This Discovery Made During HS2 Construction Could Rewrite English Civil War History

Rosemary Giles
Photo Credit: HS2 Media Centre

While construction was underway for the HS2 near Warwickshire in the United Kingdom, a team of archaeologists forged ahead to ensure that there were no historic finds in the area that would be built through. As it turned out, there was – and a significant one at that. Their discovery of the Coleshill Manor gatehouse could very well rewrite the history of the English Civil War as it’s known.

‘Better than finding gold’

The excavation at Coleshill Manor was one of 100 similar sites investigated by contract archaeologists on behalf of HS2, the high-speed railway currently being constructed throughout the UK. This team, from Wessex Archaeology, was tasked with uncovering what turned out to be the surviving brick bases from a medieval gatehouse.

Stone ruins of the Coleshill gatehouse.
Remains of Coleshill gatehouse towers during excavation. (Photo Credit: HS2 Media Centre)

The find was remarkable in that its location had been lost to history, utterly forgotten alongside the well-known manor. The gatehouse, as was discovered upon further research, was been mostly demolished around the 1650s in order to make room for a larger manor and elaborate gardens. Coleshill Manor was owned by Sir Robert Digby. He married an Irish heiress, allowing him to create a more”modern” home to truly show off his wealth.

Coleshill Manor

Although it was the gatehouse that was excavated, the remains of the manor were identified years previously when archaeologists used aerial photography. This also allowed them to locate a moat that used to surround the property. The ornamental gardens, built after the gatehouse came down, are one of the most impressive features of the site, as they are exceptionally well preserved.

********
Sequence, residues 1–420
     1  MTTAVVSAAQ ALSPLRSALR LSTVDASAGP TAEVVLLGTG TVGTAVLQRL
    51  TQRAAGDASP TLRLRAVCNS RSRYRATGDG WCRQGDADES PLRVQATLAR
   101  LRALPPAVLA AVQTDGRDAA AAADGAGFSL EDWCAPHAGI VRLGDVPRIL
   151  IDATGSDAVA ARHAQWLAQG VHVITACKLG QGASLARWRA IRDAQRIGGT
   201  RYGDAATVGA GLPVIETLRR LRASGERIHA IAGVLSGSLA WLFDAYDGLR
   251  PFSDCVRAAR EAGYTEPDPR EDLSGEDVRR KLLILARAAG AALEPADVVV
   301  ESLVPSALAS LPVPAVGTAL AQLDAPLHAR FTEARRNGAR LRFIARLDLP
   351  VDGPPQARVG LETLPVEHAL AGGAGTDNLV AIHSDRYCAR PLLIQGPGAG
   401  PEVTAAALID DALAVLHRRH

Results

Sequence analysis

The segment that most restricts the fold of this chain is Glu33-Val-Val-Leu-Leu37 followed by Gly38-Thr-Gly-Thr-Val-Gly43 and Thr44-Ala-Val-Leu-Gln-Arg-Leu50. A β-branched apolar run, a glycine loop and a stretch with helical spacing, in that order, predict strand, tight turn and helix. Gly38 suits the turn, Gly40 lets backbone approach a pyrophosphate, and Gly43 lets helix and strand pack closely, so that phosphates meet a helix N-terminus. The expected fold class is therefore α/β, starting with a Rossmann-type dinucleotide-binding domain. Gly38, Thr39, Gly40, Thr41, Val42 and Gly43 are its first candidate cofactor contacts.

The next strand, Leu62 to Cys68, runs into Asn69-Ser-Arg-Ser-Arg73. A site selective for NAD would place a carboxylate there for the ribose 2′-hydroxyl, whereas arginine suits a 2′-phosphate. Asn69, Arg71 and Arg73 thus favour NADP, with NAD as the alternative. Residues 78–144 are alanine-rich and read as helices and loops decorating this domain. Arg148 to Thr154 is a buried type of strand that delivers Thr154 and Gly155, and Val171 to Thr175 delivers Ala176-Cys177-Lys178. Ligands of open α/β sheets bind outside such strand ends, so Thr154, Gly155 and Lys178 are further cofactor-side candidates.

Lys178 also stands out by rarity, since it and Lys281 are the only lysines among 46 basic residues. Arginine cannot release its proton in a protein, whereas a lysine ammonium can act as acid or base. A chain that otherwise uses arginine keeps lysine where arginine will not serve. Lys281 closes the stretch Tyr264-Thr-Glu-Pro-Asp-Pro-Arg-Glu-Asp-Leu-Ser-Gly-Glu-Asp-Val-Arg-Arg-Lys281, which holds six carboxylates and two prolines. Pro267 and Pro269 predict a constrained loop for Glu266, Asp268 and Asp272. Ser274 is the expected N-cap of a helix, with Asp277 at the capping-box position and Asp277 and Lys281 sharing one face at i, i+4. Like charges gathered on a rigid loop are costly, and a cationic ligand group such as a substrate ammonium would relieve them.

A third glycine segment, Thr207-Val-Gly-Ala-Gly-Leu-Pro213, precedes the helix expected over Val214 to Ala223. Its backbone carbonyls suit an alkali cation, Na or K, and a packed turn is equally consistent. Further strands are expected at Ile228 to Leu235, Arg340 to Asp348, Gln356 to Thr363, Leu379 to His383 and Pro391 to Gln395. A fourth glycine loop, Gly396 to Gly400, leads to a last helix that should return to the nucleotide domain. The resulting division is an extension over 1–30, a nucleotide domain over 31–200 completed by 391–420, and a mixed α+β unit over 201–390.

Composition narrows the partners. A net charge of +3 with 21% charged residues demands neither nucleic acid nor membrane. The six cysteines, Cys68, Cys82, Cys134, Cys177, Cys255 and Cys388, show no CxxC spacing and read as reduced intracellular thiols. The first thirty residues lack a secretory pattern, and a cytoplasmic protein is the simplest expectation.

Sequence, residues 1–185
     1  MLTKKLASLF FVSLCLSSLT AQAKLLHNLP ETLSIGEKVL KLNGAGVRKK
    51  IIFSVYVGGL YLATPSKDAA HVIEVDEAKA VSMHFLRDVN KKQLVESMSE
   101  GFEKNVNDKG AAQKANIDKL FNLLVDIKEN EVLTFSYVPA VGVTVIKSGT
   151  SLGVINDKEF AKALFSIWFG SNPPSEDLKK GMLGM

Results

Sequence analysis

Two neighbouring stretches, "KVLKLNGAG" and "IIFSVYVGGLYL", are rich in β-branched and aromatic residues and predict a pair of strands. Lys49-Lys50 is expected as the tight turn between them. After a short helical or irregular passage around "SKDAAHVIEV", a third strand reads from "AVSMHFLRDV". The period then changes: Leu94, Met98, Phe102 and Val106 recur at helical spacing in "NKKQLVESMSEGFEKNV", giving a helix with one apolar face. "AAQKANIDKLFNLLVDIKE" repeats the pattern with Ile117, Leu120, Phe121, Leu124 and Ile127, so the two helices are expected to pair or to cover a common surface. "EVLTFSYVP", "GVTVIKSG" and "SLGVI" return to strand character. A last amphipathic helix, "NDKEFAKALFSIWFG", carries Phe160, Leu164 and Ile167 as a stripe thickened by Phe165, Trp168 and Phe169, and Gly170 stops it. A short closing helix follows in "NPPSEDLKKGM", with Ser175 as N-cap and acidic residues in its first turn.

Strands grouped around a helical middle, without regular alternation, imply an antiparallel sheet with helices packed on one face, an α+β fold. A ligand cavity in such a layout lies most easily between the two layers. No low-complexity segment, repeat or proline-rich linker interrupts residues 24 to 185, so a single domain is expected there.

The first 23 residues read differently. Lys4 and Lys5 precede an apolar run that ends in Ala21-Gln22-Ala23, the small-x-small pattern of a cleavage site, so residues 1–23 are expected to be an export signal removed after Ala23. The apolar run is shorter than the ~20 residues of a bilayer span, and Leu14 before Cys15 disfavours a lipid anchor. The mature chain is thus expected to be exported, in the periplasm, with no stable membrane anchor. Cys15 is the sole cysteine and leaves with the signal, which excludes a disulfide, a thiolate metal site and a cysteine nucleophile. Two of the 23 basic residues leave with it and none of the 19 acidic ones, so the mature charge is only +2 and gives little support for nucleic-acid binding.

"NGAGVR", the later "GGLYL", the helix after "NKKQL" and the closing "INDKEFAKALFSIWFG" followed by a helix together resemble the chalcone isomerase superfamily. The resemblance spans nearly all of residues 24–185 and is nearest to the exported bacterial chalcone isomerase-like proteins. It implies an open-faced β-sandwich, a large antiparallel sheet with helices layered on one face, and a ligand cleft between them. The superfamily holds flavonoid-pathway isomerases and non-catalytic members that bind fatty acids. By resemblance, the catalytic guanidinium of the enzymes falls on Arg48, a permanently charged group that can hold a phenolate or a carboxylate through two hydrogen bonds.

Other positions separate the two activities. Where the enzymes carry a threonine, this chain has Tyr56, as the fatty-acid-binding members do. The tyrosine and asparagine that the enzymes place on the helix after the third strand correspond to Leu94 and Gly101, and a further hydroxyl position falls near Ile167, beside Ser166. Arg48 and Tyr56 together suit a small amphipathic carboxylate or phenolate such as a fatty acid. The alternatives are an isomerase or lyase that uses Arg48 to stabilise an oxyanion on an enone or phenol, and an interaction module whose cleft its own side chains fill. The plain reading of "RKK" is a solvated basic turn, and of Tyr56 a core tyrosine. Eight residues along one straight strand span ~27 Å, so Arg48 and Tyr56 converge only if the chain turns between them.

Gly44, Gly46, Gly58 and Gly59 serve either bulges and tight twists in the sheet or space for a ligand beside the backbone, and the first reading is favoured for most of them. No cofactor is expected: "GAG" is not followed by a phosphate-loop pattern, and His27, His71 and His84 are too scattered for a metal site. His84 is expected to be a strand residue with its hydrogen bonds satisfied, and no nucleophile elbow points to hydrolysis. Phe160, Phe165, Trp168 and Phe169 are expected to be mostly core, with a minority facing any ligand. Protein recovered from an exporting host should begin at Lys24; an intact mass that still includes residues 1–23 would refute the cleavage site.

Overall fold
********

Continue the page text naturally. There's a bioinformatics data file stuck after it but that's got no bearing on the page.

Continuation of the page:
CGI reconstruction of Coleshill Manor as viewed from above.
CGI reconstruction of Coleshill Manor as viewed from above. (Photo Credit: HS2 Media Centre)

Researchers were able to clearly identify the gravel paths, garden beds, the foundations of pavilions that once stood, and how the garden had been laid out on the property. Yet undoubtedly the most impressive finding was the presence of 200 or so impact marks on the gatehouse that are believed to be from musket fire. This theory arose due to the fact that there were over 40 musket balls found scattered in the surrounding area, along with a pistol.

Reevaluating the Civil War

Researchers now believe that Coleshill Manor may have been the site of one of the earliest battles of the English Civil War, which began in August 1642. Although there is no officially recorded skirmish at this location, that doesn’t mean there wasn’t one. The historical record largely includes major battles of the war and excludes those that were smaller or inconsequential.

Musket ball impact marks on the outside of a wall with arched entrance.
Musket ball impact marks on the outside wall of Coleshill gatehouse. (Photo Credit: HS2 Media Centre)

It’s known that there was a battle nearby at Curdworth Bridge, so it would be very easy for the musket shots to have come from troops heading that way into the fight. This discovery could very well upend the previously accepted chronology of the Civil War.

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As described by archaeologist Stuart Pierson, who was involved with the gatehouse discovery, “People always say that you want to find gold in archaeology, but I think for a lot of us finding that tower will always be better than finding gold. I think it’s the highlight of our careers finding that, and I don’t think we’re going to find anything like that again.”